Pyrrhon – Abscess Time Review

Where do Pyrrhon go next? It’s a question that, to my surprise, I had not truly considered. In pushing the walls as far out as they would go with 2017’s stunning What Passes for Survival, the band became torch-bearers in death metal’s unexplored corridors. The quartet synthesize techniques from technical death metal, noise rock, and free jazz to craft ungainly structures and cut winding new paths through the labyrinth, resulting in two of the most original and contentious records of the 2010s. In Abscess Time, the band have a chance to explode into the new decade with a bold new direction.

It’s an opportunity they miss. Abscess Time only reaffirms the band’s approach on Survival while expanding somewhat on Pyrrhon’s noise rock influences, often scaling back on speed and complexity. On “Abscess Time” Erik Malave’s simple, ragged bass work leads the lurch while Dylan DiLella scrapes and shreds his guitar strings in what feels like a Swans song being dissolved in an oil drum. “State of Nature” follows the same course, and Steve Schwegler seems just as potent punctuating these slogs as he does when ricocheting across skins and cymbals in the insanity of “Teuchnikskreis.” Even though the band are performing at their peak, these slower songs feel thin and predictable, especially when compared to the band’s challenging back catalog.

For some, a less obtuse Pyrrhon record is welcome. The Mother of Virtues and What Passes For Survival are outré enough to repel even some of the biggest death metal junkies out there, and a less confrontational record might change their perspective on the band. Yet I doubt Abscess Time was ever intended to widen Pyrrhon’s audience, and for listeners who were blown away by previous records, it can feel wanting. The record doesn’t quite hit a stride until “The Lean Years” kicks in, and though it’s followed by a strong sequence of mid-album tracks, only “Human Capital” can conjure the excitement I felt when first listening to songs like “Balkanized” and “The Invisible Hand Holds a Whip.” At just under an hour long, Abscess Time is a sizeable release, and weaker tracks like “State of Nature” and “Overwinding” become unnecessary after a few listens. The pacing of the record isn’t tight enough to feel cinematic, and the contrasts between its songs appear incidental rather than planned.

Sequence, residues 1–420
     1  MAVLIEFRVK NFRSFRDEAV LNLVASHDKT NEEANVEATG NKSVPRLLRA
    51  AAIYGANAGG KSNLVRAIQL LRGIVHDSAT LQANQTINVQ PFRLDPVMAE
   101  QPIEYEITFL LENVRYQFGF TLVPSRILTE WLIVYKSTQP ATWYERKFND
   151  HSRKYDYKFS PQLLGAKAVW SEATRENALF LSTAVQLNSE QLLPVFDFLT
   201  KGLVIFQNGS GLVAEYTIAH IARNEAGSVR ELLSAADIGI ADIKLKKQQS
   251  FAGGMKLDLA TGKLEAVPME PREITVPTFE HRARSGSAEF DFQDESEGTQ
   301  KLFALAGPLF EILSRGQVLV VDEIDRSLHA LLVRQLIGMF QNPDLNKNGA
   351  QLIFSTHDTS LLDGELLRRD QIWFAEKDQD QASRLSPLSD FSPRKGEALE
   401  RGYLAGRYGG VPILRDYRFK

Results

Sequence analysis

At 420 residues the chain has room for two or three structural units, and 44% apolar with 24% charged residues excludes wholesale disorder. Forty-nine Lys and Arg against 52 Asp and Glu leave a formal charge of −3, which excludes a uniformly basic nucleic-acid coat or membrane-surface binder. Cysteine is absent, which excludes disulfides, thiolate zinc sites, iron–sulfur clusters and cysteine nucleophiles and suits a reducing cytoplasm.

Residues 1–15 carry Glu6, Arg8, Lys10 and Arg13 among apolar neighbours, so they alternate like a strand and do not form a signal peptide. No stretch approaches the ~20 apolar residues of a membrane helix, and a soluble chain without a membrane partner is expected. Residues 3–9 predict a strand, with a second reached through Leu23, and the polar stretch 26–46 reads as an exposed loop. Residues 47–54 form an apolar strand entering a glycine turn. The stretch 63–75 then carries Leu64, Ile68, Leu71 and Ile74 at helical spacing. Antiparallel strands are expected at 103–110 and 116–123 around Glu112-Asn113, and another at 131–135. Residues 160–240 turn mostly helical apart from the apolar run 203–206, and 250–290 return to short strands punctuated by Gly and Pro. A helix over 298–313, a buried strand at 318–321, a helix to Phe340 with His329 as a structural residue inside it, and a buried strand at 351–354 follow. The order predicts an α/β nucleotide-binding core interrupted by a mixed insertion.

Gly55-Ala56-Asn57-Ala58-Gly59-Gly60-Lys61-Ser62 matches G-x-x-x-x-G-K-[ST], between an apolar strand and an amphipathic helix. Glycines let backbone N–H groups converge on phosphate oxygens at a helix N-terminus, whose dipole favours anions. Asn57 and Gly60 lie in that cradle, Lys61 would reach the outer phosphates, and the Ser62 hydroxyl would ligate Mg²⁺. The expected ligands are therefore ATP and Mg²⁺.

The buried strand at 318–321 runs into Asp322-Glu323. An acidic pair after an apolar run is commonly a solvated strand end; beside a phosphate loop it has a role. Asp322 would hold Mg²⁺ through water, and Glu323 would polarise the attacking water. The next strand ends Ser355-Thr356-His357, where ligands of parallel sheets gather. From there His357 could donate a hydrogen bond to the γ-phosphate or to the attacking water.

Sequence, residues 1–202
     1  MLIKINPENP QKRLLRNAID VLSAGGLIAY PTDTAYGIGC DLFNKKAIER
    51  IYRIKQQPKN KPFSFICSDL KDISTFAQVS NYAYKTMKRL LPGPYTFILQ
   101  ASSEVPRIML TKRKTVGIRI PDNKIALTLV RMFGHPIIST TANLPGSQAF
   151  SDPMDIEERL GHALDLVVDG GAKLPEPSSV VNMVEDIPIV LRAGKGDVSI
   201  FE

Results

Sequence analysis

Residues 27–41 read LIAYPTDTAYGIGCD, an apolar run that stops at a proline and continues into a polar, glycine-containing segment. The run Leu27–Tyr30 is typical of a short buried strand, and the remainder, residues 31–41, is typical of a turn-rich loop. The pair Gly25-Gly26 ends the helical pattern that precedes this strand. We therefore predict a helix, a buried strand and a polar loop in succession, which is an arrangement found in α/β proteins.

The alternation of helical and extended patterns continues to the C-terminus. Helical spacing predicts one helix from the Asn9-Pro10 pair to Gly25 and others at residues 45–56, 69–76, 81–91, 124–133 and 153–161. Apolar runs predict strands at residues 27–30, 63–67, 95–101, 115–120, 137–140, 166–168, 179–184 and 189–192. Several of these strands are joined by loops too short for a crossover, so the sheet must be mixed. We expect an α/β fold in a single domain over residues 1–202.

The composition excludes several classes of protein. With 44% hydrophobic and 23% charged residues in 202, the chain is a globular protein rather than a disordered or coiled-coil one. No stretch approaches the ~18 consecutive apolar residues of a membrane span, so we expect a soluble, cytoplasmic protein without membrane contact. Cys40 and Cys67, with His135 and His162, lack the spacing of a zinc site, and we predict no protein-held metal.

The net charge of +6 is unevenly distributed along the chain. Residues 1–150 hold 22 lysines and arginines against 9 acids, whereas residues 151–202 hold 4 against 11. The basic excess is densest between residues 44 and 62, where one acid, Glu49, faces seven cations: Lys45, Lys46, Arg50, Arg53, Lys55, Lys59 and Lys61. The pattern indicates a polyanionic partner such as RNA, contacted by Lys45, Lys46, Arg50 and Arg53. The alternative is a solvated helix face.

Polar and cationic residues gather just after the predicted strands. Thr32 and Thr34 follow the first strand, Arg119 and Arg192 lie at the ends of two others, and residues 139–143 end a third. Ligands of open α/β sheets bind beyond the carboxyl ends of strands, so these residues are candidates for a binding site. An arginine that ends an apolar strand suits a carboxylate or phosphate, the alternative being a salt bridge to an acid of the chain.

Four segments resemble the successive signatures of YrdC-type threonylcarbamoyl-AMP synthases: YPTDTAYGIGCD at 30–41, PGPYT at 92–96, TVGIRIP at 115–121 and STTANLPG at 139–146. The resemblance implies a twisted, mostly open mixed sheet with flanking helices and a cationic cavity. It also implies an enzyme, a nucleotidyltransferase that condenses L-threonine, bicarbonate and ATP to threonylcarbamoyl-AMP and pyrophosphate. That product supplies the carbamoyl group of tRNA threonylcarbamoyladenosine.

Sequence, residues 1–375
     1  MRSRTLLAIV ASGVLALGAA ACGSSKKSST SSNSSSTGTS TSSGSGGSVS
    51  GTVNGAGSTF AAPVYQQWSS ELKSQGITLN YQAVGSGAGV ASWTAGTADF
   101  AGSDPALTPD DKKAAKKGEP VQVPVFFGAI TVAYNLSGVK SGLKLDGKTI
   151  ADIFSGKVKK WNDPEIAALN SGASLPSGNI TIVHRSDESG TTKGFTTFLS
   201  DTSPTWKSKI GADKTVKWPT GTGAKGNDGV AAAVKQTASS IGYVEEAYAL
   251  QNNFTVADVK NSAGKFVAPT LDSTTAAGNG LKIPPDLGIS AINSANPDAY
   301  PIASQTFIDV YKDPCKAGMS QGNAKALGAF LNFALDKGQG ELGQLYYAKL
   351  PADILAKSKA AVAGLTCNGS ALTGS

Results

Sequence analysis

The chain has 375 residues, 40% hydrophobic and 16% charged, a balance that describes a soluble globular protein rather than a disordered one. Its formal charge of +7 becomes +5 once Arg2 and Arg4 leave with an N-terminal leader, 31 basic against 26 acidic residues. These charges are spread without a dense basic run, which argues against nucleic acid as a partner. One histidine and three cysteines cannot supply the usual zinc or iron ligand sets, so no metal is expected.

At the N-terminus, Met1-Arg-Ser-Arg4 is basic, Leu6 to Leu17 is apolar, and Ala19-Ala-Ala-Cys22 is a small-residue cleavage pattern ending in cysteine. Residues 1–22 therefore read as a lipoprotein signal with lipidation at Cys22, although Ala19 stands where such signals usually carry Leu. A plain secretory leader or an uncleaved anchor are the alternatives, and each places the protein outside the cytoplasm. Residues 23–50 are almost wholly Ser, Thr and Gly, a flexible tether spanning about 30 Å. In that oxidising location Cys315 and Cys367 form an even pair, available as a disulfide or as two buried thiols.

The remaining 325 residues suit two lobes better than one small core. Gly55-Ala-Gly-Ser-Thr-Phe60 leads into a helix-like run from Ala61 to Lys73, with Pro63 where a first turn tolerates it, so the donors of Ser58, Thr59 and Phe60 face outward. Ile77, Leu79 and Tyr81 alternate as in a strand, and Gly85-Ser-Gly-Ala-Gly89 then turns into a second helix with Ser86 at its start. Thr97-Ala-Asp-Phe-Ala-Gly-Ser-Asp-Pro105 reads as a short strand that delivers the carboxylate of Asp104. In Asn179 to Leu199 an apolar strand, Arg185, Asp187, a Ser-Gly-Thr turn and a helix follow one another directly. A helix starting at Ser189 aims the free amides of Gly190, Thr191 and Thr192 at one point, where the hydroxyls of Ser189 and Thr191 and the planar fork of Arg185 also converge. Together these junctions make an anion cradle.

Though Abscess Time lacks some of the musical luster of Survival, it’s Pyrrhon’s most lyrically compelling release yet. Doug Moore’s retches and howls may be difficult to decipher, but beneath the effects pedals and vocal grime, his lyrics are still some of the most powerful metal has ever seen. While other death metal bands imagine horror, Moore documents it with incredible specificity. “Down at Liberty Ashes” is an ode to workers in some of America’s most brutal industries, and Moore articulates their deaths and suffering artfully and unflinchingly.1 Moore’s recounting of the deaths of Wyatt Whitebread and Alex Pacas is inhumanly chilling.

“Submersed in the corn, crushed out of shape

Like his Busch cans, their livid limbs

Twisted and washed out with the feed

Hours later, the fruits of subsidy

Still studded their cold skin, like a golden plague”

Where else can you hear lyrics that satisfying in a metal song? Where else would they be followed by an unhinged guitar solo played in 11/4? Even on a weak release, Pyrrhon are a joy to experience.

Abscess Time is a challenging and accomplished album, and one that only Pyrrhon could produce. While the band aren’t breaking new ground, I’m at a loss to say what new barriers they could attack after What Passes for Survival. My misgivings about the record are mostly restricted to how it holds up in comparison the band’s own work, and to a preceding record that I still maintain is as close to perfect as they come. While the back catalog is an indispensable lens through which I can examine the record, it’s not the only one. Listening to these songs without my site-issued critic’s cap on, I come away deeply satisfied. Though the record is a bit less exciting and a lot less powerful as a package than What Passes for Survival, I still know I’ll be coming back to Abscess, time and time again.

Rating: 3.5/5.0
DR: 9 | Format Reviewed: 320 kbps mp3
Label: Willowtip Records
Websites: |
Releases Worldwide: June 26th, 2020

Show 1 footnote

  1. Kronos sidebar: I spent a little while tracking down the actual events referenced in the song. It’s a rabbit hole for sure, but one worth digging down into. Here are a few long reads on the hellish conditions in New York City’s sanitation industry, the enslavement of prisoners at meat processing plants in the American South, and the crushing deaths of teenage farm workers in Illinois.
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